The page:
Spring tips for roses and hydrangeas
By Rachel Hill - ReminderNews
Windsor - posted Fri., Apr. 15, 2011
After what could arguably go on record as one of the worst winters ever, spring is finally in our midst and the time has come to think about gardening. It’s hard to know the best practices for pruning and planting, but Horticulturalist Gordon Kenneson had some answers on April 11, in a presentation to the Windsor Garden Club at the L.P. Wilson Community Center.
Since spring involves so many topics, Kenneson said, he focused much of his discussion on the maintenance of roses, because there were so many rose enthusiasts in the audience and many of them had questions about the best way to keep them thriving in the coming months.
It goes without saying that roses are a popular flower and, according to Kenneson, they require faithful caretakers. Early pruning is necessary – they need to be cut back in the spring, not in the fall or winter. Kenneson also warned that not all stems are green, so you must be careful when cutting away all the parts that are dead.
When you do your pruning, the best way is to cut just above the bud, on an angle. This will prevent water from collecting. Pick a bud that is growing in the direction you choose and cut away the ones that cross each other or rub against one another, Kenneson recommended.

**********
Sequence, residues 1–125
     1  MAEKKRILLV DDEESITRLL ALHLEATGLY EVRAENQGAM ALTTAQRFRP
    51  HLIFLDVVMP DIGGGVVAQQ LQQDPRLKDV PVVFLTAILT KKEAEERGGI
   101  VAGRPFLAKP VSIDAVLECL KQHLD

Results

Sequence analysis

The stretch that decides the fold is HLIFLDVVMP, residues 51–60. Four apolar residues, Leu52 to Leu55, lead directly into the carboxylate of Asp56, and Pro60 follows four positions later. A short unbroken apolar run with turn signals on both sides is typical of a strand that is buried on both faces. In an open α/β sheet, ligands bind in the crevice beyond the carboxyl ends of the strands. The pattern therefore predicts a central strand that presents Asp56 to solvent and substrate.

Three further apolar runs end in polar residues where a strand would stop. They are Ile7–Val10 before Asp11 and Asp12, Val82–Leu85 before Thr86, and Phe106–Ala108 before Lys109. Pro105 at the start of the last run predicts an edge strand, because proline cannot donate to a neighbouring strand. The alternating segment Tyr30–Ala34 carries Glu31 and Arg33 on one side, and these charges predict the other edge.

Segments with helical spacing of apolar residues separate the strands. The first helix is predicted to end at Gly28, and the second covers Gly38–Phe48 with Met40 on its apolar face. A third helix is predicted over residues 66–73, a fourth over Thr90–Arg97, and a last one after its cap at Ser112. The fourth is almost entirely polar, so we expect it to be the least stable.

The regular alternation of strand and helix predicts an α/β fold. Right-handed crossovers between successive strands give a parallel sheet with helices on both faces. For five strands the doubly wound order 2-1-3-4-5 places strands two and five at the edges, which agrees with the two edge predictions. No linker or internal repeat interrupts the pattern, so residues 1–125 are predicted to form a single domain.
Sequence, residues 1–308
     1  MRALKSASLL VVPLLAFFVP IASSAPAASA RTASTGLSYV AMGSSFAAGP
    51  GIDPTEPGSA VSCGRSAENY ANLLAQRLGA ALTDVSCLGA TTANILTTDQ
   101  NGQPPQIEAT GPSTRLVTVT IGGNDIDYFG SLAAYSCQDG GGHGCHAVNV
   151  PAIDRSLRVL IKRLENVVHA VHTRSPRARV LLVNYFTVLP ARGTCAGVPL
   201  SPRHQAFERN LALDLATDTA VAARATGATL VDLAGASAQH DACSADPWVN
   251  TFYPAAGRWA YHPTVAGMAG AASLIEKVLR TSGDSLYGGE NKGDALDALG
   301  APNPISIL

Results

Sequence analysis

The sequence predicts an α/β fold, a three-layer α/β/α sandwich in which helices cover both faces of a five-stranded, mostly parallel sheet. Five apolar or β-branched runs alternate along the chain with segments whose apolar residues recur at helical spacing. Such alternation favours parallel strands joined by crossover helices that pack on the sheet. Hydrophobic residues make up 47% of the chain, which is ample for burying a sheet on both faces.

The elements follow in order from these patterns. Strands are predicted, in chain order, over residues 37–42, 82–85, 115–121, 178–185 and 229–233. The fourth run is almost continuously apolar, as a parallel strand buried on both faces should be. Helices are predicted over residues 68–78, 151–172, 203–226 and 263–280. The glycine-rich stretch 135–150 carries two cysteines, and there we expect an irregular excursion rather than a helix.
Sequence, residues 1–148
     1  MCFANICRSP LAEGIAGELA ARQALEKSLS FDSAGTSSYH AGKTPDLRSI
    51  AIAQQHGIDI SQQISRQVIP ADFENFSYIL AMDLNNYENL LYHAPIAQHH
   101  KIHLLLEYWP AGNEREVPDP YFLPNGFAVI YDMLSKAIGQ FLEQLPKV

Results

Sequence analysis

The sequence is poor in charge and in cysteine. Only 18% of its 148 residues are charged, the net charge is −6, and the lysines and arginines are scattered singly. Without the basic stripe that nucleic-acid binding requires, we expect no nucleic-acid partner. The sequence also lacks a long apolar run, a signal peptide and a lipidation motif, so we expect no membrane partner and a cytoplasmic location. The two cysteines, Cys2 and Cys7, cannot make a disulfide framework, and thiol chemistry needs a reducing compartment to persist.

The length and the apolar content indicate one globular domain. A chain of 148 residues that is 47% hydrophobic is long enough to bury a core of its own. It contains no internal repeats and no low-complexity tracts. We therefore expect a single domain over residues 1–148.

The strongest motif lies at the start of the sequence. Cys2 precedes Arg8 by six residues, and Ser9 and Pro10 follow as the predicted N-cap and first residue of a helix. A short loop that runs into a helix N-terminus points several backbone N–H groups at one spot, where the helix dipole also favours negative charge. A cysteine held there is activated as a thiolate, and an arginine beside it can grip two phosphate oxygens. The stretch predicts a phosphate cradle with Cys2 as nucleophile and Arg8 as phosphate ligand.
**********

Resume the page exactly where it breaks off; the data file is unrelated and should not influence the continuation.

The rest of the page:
Also, a good time to transplant is soon into spring, which he said generally coincides with the Easter holiday. If you follow this rule of thumb, then you are less likely to have problems in the way of shock to the plant. Rose plants also need fertilizer five times during the growing season. Many people, he said, like the instant gratification of container roses, as well.
Kenneson also touched on the subject of blue and pink hydrangeas, which run a close second to roses in popularity. These, he said, are not flower-bud hearty plants. They thrive near a fence or up against a house. “Hydrangeas have on-years and off-years. The jury is still out on how to prune them,” said Kenneson.